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Simon Swallow says that while the turmoil from changing UK rules for QROPS has died down, new NZ rules will unsettle UK pension transfers again and in a significant way

Simon Swallow says that while the turmoil from changing UK rules for QROPS has died down, new NZ rules will unsettle UK pension transfers again and in a significant way

By Simon Swallow*

Since the turmoil of UK regulations that eliminated all KiwiSavers and Australian schemes as qualifying recognised overseas pension schemes (QROPS) - therefore not allowing UK pensions to be transferred to them since April 2015 - it has been quiet on the legislative front.

However, new New Zealand rules coming later in the year could throw the cat among the pigeons again.

And while not as seemingly draconian as the recent UK changes they could have longer term consequences for people who have transferred to New Zealand schemes in the past or are considering transferring their UK pensions.

The ability to access 30% of the funds at 55 is about to be significantly reduced.

Currently when someone transfers their UK pension to New Zealand the amount that they can withdraw is determined by UK regulations. This means that the earliest you can withdraw transferred UK pension funds is age 55 and the amount that you can withdraw is essentially 30%.

Many people have relied on the ability to withdraw this 30% at 55 to pay any tax liability that has accrued when they transferred their pension from the UK to New Zealand or simply to take the lumpsum to reinvest or use for other purposes.

However, on 1 December 2016 new legislation will come into effect that will restrict the amount of funds that can be withdrawn from a New Zealand superannuation scheme for members age 55 years old to only 10% of the fund balance.

These rules are being introduced under the Financial Markets Conduct Act (FMCA) and schemes cannot opt out of the rules.

This is part of the Government attempting to better align the accessible age for personal superannuation schemes with KiwiSaver Schemes which is age 65. The new rules allow NZ schemes to either:

- complusorily shift all their existing members over to the new rules, or;

- section off all existing members and have members joining after 1 December 2016 to be on the new rules.

People who have transferred their pensions in the past, or are considering a pension transfer immediately need to understand how their New Zealand scheme intends to deal with these complusory legislative changes. After 1 December 2016 you will not be able to join a new scheme and still have the ability to withdraw 30% (or more) at age 55.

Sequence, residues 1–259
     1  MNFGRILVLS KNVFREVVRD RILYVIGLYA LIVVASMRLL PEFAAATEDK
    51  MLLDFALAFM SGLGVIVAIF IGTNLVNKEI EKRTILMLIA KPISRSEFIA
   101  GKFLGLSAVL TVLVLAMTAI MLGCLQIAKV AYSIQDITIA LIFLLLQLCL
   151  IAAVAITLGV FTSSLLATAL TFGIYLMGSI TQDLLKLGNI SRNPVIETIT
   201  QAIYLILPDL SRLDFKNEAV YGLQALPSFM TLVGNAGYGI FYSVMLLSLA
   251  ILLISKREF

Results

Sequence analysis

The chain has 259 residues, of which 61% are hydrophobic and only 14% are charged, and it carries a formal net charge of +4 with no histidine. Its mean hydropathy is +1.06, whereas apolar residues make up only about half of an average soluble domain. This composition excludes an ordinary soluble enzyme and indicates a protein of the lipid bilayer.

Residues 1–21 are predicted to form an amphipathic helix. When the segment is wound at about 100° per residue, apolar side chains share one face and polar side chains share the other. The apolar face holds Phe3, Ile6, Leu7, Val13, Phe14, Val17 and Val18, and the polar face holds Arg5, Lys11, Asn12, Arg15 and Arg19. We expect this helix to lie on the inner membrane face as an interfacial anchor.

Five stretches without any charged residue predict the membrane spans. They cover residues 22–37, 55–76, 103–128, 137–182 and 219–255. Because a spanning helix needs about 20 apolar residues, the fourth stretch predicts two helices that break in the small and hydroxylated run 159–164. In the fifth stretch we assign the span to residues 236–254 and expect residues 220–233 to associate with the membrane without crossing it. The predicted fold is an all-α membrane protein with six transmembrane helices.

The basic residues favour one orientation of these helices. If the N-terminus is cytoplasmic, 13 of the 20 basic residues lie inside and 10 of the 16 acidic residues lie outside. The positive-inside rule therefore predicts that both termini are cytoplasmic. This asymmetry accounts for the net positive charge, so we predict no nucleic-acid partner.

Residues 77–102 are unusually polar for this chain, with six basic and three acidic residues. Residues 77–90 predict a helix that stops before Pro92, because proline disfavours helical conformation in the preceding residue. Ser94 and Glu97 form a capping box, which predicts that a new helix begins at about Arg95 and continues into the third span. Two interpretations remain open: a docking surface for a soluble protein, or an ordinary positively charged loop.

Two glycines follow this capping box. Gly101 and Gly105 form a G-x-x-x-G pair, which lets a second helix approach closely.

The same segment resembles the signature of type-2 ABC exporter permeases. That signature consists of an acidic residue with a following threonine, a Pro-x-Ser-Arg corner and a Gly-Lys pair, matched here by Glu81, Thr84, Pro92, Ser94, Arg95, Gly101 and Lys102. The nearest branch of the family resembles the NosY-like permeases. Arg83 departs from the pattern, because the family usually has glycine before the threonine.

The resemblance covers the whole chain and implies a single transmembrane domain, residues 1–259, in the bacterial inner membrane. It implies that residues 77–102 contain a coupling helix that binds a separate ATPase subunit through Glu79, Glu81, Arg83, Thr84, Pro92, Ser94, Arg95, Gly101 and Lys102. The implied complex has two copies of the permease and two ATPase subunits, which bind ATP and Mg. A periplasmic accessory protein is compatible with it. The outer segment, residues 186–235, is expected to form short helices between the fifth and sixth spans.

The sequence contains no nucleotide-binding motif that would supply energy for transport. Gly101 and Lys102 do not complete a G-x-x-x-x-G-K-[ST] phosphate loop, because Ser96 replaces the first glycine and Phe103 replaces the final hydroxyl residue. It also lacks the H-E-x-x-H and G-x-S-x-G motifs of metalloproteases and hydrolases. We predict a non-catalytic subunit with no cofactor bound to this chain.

Now is a perfect time to do a comprehensive review of either your existing QROPS scheme in New Zealand or investigate whether to transfer your UK pension to New Zealand now or later.

Any review should also consider the the possibility that the UK government will move QROPS rules into alignment with the new flexible access arrangements in the UK. Such a move would allow people in some existing QROPS in New Zealand to access 100% of their funds at age 55 years old.

In order to understand whether an existing New Zealand QROPS would offer accessibility to 100% of the funds at age 55 a deep understanding of each schemes trust deed is required.

Further to this and importantly the issue of tax on transfer could become even more acute where only 10% of the funds are available at age 55 to pay a tax bill.

There have been no updates from the IRD in terms of how tax can be paid that’s owing from a pension transfer where a tax liability has been accrued. In a number of circumstances the IRD has worked with an individuals tax agent to structure a deal for the individual but no blanket approach has been approved by the IRD.

With legislation constantly changing around both New Zealand and UK pensions it’s crucial to stay up to date on changes and how they impact on your pension and not simply leave it in the UK or transfer to New Zealand without the right advice.

Simon Swallow is a director of Charter Square. You can contact him here.

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Why would tax be due on transfer and to whoom, uk or nz govt?


Under current pension transfer rules tax is due to the NZ government for any transfers that occur outside of a four year exemption. Broadly speaking the exemption starts when you arrive in New Zealand after having accrued the pension.